What Canada’s aging population means for media

Strategy lays out the 2011 Census information and asks Zenith's Sunni Boot and Aegis Media's Sasha Grujicic to weigh in the impact for the Canadian industry.

The numbers from Canada’s latest census highlight a clear trend: the country is getting older. What some news organizations have referred to as a demographic “timebomb” will have profound effects across Canadian society, not the least of which is that economic growth may suffer as fewer workers support more retirees.

According to the people who purchase advertising across various media platforms, the properties best positioned to benefit from the incoming wave of gray will be those who adjust their offerings to include content such as health, investing and travel.

“Existing titles and brands will have either a larger degree of content for [the seniors] demo or will spin off specific content like Zoomer has,” says Sunni Boot, CEO, ZenithOptimedia, referring to the Canadian magazine aimed at the 45-and-older demographic.

The number of Canadians aged 65 and over has grown 14% in the past five years, more than twice the rate of the overall population. By 2036, 24.5% of Canada’s population will be aged 65 or older compared with about 15% right now, according to the 2011 Census results.

While seniors remain familiar with so-called legacy media companies – the newspapers, television stations and magazines they grew up with – they are simultaneously becoming digital savvy. In a report released in 2009, Statistics Canada said senior citizens were the fastest growing group of internet users: in 2000 only 11%  of this group regularly used the Internet, compared with 45% by 2007.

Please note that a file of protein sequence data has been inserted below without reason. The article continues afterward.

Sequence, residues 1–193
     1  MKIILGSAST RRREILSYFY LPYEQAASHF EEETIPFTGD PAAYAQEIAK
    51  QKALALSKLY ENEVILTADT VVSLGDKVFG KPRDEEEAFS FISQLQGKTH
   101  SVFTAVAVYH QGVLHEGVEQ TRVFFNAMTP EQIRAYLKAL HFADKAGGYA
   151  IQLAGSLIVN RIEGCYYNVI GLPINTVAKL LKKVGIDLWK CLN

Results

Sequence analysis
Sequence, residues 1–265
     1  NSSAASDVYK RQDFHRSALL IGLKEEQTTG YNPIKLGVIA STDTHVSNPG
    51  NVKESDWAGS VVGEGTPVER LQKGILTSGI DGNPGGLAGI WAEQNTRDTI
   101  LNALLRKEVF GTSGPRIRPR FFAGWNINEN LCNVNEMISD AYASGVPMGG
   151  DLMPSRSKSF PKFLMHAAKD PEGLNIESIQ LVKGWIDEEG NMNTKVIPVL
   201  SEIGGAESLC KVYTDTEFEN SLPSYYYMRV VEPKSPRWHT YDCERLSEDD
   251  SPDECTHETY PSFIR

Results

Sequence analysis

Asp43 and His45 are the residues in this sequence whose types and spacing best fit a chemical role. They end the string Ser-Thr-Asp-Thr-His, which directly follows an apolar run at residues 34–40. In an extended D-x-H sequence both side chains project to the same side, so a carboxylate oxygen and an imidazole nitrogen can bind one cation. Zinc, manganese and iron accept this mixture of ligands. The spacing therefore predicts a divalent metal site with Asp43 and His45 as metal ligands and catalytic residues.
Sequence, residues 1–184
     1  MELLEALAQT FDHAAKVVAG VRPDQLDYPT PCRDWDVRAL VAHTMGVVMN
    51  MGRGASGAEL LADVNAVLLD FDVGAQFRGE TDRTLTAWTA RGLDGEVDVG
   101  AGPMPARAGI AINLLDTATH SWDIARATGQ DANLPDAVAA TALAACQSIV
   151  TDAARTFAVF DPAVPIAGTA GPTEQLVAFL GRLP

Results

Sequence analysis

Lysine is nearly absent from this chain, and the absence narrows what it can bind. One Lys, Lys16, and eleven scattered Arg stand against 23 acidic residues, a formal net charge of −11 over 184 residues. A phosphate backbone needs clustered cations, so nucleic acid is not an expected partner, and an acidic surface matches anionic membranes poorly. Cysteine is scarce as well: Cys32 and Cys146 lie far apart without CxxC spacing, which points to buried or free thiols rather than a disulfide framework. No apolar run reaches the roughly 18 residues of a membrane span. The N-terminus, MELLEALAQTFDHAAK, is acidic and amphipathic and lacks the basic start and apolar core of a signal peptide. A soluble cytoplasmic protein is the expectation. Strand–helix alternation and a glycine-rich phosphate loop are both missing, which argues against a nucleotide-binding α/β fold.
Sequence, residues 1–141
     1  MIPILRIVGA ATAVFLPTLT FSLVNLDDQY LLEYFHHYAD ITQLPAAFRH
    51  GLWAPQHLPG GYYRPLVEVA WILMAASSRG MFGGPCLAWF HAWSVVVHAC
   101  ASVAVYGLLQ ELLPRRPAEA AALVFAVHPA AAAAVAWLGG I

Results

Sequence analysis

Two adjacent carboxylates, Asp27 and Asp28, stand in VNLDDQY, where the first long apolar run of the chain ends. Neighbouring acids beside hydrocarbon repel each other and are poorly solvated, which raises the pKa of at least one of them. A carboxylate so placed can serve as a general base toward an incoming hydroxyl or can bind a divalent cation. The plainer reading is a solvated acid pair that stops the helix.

Sasha Grujicic, EVP of strategy, digital and insight, Aegis Media says that the digital space will be one of the more dynamic areas for change when it comes to targeting senior citizens.

For the moment television and newspapers remain the preferred mediums for seniors to get their news. Internet usage among seniors tends toward the pragmatic, such as searching for information, keeping in touch with loved ones or swapping photographs, says Grujicic.

“They may not be on Foursquare but they are certainly Googling for information,” Boot added.

But more seniors are logging onto social media such as Facebook to form communities of mutual interest. The legacy media companies that best cater to this growing army of online seniors will be the ones that benefit most from an aging society.

Where seniors are located matters too. Statistics Canada highlighted several communities across Canada where senior citizens already top 20% of the total population. These burgeoning communities of seniors represent an opportunity for marketers to target that demographic at the local level through community newspapers and hyper-local news and information websites, an advertising medium that remains underdeveloped in Canada generally.

And at the very summit of the age pyramid, an interesting and relatively new niche market is forming: the number of Canadian centenarians reached close to 6,000 last year. By 2031 that number will be somewhere around 17,000.

However, the 100-plus age group remains too small to be considered a target audience for the foreseeable future.

“I don’t think we’ve ever had a 100-plus segment that we’ve gone after,” Grujicic said.